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# Linux Tutorial Series – 116 – The chmod command

Here is the video version, if you prefer it:

Let’s talk about how to change the permissions of a file. To do so, let’s first talk about octal and binary numbers. Before you get all whiny and say “Oh jeez, why binary? Why do I need to know binary?”. Well, you don’t really, but I think it greatly simplifies things, so that’s why.

Let’s look at user permissions (same applies for group and world permissions). If you have:

`rw-`

that could be represented in binary as:

`110`

since binary has only two digits – `0` and `1` – so this could be a valid choice. We have a `1` where we have the right to modify the file in a certain way “enabled” and `0` where we have the right to modify the file in a certain way disabled.

Now, how do we read `110` in binary? Let’s first see how do we read it in decimal.

What you actually do is this: `110 is 0 * 10^0 + 1 * 10^1 + 1 * 10^2` (looking the digits from right to left, where `^` is the exponentiation operator). That is, the rightmost digit is the least significant one and it gets multiplied by `10^0`. The digit to the left of it is multiplied by `10^1` and so on. The same is in binary, but instead of using base `10`, we use base `2`. So `110` will be:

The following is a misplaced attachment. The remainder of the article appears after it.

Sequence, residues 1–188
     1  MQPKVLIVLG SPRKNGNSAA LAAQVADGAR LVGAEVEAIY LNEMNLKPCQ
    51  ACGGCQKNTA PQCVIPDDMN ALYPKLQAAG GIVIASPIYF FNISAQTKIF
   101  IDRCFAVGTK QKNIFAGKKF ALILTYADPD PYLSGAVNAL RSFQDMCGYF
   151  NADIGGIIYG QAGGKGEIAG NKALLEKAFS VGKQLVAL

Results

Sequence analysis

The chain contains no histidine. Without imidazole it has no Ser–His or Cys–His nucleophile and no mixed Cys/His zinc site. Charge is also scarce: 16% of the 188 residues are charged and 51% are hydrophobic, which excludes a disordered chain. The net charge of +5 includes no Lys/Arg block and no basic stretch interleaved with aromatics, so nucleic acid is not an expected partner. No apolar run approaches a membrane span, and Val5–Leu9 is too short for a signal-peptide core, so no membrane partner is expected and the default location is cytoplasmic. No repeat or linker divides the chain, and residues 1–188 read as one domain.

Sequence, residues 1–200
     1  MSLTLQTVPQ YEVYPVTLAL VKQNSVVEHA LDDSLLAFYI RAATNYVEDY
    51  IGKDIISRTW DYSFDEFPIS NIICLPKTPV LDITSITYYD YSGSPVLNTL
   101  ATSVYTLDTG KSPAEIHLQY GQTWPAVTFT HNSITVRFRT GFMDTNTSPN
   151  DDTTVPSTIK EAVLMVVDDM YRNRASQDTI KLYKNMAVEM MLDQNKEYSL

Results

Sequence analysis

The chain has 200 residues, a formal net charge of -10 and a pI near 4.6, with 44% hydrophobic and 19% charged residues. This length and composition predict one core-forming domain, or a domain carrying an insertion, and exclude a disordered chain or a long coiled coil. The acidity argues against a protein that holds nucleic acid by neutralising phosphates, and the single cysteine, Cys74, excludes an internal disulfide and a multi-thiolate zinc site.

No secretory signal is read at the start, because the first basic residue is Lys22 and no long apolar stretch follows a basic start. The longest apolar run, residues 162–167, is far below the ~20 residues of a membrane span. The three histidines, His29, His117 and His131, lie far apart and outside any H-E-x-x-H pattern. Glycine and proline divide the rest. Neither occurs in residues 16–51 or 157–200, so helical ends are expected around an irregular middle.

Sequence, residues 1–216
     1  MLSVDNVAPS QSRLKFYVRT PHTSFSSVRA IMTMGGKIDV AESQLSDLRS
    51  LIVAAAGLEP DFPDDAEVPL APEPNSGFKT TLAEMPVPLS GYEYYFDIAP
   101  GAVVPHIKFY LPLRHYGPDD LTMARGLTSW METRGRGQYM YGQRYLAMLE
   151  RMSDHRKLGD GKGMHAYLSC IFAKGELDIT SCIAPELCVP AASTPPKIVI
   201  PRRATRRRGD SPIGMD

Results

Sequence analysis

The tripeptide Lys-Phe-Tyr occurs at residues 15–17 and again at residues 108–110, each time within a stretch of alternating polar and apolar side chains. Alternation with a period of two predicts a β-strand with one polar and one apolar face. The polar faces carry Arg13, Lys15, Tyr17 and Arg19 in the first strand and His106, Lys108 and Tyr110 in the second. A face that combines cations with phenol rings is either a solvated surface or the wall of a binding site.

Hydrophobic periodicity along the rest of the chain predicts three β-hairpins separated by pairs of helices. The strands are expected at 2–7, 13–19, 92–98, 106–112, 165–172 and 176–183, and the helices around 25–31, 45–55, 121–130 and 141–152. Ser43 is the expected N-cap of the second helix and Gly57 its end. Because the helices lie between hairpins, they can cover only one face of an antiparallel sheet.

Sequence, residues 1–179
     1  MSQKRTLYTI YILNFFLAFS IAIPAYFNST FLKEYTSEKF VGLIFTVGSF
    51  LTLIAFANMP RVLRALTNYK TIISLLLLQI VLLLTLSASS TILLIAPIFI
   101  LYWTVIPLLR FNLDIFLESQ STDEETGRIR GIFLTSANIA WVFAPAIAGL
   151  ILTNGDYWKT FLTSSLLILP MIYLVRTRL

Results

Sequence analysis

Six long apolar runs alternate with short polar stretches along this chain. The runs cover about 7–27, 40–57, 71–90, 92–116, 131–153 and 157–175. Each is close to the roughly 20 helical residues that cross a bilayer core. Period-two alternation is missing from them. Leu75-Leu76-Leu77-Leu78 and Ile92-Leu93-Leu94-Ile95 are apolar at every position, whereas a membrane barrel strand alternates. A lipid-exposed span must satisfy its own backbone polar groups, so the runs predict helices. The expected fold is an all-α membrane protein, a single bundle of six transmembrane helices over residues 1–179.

`0 * 2^0 + 1 * 2^1 + 1 * 2^2 = 6`

Now, let’s pay attention to the highest possible number with 3 digits in binary, which is `111`. By following the same logic `111` in binary is `7` in octal (`1 * 2^0 + 1 * 2^1 + 2 * 2^2 = 7`). Note that octal has 8 digits – `0` through `7`.

So now, the problem reduces to: Figure out what octal digit represents the file permissions we want. Let me give you a list:

• `0` in octal – `000` in binary
• `1` in octal – `001` in binary
• `2` in octal – `010` in binary
• `3` in octal – `011` in binary
• `4` in octal – `100` in binary
• `5` in octal – `101` in binary
• `6` in octal – `110` in binary
• `7` in octal – `111` in binary

When you look at binary representations of the octal numbers, you can see the correspondence. For example, `5` in octal is `101` in binary, which would look like `r-x`, meaning we are able to read and execute the file in question.

Now we can come to `chmod`. `chmod` is used to change file permissions. It is used as follows:

`chmod <filePermissions> <file>`

where `<filePermissions>` are 3 octal numbers in a row, each representing permissions for the user, the group and the world, respectively. Only the file owner or the superuser can change file permissions. (Shotts, 2019)

Example `chmod` command:

`mislav@mislavovo-racunalo:~/Linux_folder\$ chmod 600 aba.txt`

You can also use symbolic notation to change permissions (you can check out the man pages for `chmod` or you can Google how to use symbolic notation with `chmod`), but I believe that octal is easier to use once you understand it. I do use `chmod +x file` to add executable permissions to a file and that is a fast way to do so, but whenever I need anything more that that, I use binary file permissions.

Hope you learned something useful!

References

Shotts, W. (2019). The Linux Command Line, Fifth Internet Edition. Retrieved from http://linuxcommand.org/tlcl.php. Pages 118-122